Authors: Alex P. Berg
COLD HARD STEELE
A Daggers & Steele Mystery
ALEX P. BERG
Copyright © 2015 by Alex P. Berg
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Publisher’s Note: This is a work of fiction. Names, characters, places, and incidents portrayed in this novel are a product of the author’s imagination.
Editor: Brittiany Koren
Cover Art: Damon Za
Book Layout: ©2013 BookDesignTemplates.com
Cold Hard Steele/ Alex P. Berg — 1st ed.
I watched the stunted demon fly up the stairs and take a death-defying leap into the abyss, only to be saved as he latched onto a hanging beam with superhuman dexterity. He whipped around in midair, launched his body into a spin, and landed in a crouch near a crowd of defenseless schoolchildren.
It would’ve been a bone-chilling sight if not for the fact that the little terror in question was my son.
“Are you all right, Jake?”
My ex-wife, Nicole, rode the pine beside me, her arm resting casually on the park bench’s back. An elastic band pulled her ash blond locks into a ponytail—the same style she’d sported during our little monster’s hair pulling days. Her round doe eyes sucked me in, tempting me with promises of warmth and compassion, promises that hadn’t exactly been met in the long run, though I’d had as much to do with that as her. Maybe more.
I blinked and responded with one of my typical, witty retorts. “Huh?”
“You’re distracted. What’s going on?” Nicole asked.
“Distracted?” I shifted in my seat, stretching my broad shoulders. “I’m not distracted. Why would you say that?”
Nicole raised an eyebrow. “You can’t lie to me, Jake Daggers.”
It wasn’t a threat or a boast, just a simple statement of fact. Nicole had a cute button nose right in the middle of her face that, despite its modest appearance, gave her unmatched olfactory powers. She could sniff out my fragrant fabrications the instant they hit the earth. I secretly suspected she had some basset hound somewhere in her lineage. It would’ve explained her big puppy eyes, as well.
Of course, she’d also amassed several years of experience sifting through my bunkum and lies. My inventive takes on reality were one factor that had helped scuttle our relationship, although my infuriating tendency to change the subject when confronted with a question I didn’t want to answer hadn’t helped either.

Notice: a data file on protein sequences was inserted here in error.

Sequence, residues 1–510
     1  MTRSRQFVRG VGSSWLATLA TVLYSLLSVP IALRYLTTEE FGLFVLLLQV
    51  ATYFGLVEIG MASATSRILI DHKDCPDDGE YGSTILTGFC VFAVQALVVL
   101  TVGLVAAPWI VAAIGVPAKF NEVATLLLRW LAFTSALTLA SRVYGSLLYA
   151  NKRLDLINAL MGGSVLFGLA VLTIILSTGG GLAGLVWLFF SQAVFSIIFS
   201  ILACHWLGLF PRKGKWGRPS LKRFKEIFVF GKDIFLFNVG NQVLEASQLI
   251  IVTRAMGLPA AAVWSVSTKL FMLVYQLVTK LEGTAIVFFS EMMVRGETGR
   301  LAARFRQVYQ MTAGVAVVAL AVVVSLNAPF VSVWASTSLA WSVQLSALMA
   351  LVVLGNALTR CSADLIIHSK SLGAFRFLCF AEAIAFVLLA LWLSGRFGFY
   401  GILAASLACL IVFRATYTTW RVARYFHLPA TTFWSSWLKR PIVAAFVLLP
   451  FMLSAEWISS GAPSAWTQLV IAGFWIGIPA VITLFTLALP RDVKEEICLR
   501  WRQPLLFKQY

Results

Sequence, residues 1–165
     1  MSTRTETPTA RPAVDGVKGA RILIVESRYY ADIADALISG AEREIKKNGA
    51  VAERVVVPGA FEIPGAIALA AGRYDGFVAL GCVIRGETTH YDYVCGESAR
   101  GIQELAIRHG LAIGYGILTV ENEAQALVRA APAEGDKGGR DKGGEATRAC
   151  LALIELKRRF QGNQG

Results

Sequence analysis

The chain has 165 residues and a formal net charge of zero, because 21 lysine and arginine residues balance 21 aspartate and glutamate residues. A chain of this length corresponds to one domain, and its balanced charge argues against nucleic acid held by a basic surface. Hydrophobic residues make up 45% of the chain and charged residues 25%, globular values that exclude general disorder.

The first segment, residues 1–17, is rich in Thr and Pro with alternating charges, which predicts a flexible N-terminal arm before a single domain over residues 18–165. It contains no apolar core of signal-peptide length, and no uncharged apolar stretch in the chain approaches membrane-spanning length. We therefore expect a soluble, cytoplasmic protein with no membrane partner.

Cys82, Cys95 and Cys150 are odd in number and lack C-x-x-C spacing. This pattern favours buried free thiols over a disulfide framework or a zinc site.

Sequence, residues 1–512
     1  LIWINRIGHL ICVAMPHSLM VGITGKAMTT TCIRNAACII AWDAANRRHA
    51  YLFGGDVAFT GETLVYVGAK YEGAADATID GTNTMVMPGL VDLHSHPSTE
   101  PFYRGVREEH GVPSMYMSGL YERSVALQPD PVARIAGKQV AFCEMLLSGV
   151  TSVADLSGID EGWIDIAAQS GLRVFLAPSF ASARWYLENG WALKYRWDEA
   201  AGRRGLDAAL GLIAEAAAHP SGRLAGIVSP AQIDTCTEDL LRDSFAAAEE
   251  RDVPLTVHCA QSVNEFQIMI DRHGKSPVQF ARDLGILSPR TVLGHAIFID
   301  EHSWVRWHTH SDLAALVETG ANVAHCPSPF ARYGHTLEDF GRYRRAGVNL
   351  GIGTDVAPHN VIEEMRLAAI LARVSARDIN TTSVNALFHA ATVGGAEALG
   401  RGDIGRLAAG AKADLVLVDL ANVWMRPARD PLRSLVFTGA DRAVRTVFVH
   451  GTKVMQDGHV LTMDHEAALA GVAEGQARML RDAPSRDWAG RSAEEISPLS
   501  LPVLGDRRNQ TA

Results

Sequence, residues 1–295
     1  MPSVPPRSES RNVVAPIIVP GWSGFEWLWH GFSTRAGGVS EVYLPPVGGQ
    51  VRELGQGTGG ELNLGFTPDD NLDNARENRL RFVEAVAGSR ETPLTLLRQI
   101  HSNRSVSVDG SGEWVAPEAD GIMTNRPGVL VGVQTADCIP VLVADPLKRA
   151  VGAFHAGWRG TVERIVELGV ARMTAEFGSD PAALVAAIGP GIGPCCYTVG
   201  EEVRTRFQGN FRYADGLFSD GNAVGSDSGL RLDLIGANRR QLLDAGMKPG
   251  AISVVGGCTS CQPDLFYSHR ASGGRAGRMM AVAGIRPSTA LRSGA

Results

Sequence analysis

I harrumphed. “The little squirt really is fearless, I’ll give him that.” My son swung across the monkey bars before pulling himself up and scurrying across the top of them with glee. “He has no regard for his own safety.”
“What did you expect?” said Nicole. “He’s
“Hey now—I’m not that bad.”
My ex shot another condescending eyebrow my way. “Seriously? Have you looked in a mirror lately? Your nose didn’t point that way when we got married. And you’ve accumulated at least, what…three prominent scars since then?”
Nicole could’ve also noted how I’d added at least twenty pounds of sandwiches and beer onto my six foot, three inch frame since we’d married, or how a few isolated strands of gray had infiltrated my otherwise perfectly umber-colored crop of hair, but she wasn’t
“Ahh, so you’ve noticed,” I said. “I got the most recent one during a squabble with a heroin-addled dwarf. Though I like to think of them as distinguishing accents, not scars. So…do you like them?”
“The scars?” asked Nicole.
“Yeah,” I said. “Come on. Do they make me look sexier? I know chicks dig ‘em.”
Nicole rolled her eyes, but a reluctant smile nonetheless worked its way across her lips.
I grinned. Even though we’d been separated for a couple years, I tried to make an impression on her every time we met. I wasn’t sure if it was the desperate loner inside me or the bleeding-heart romantic that drove me, but today, both of those elements of my psyche pushed a little less forcefully than they used to.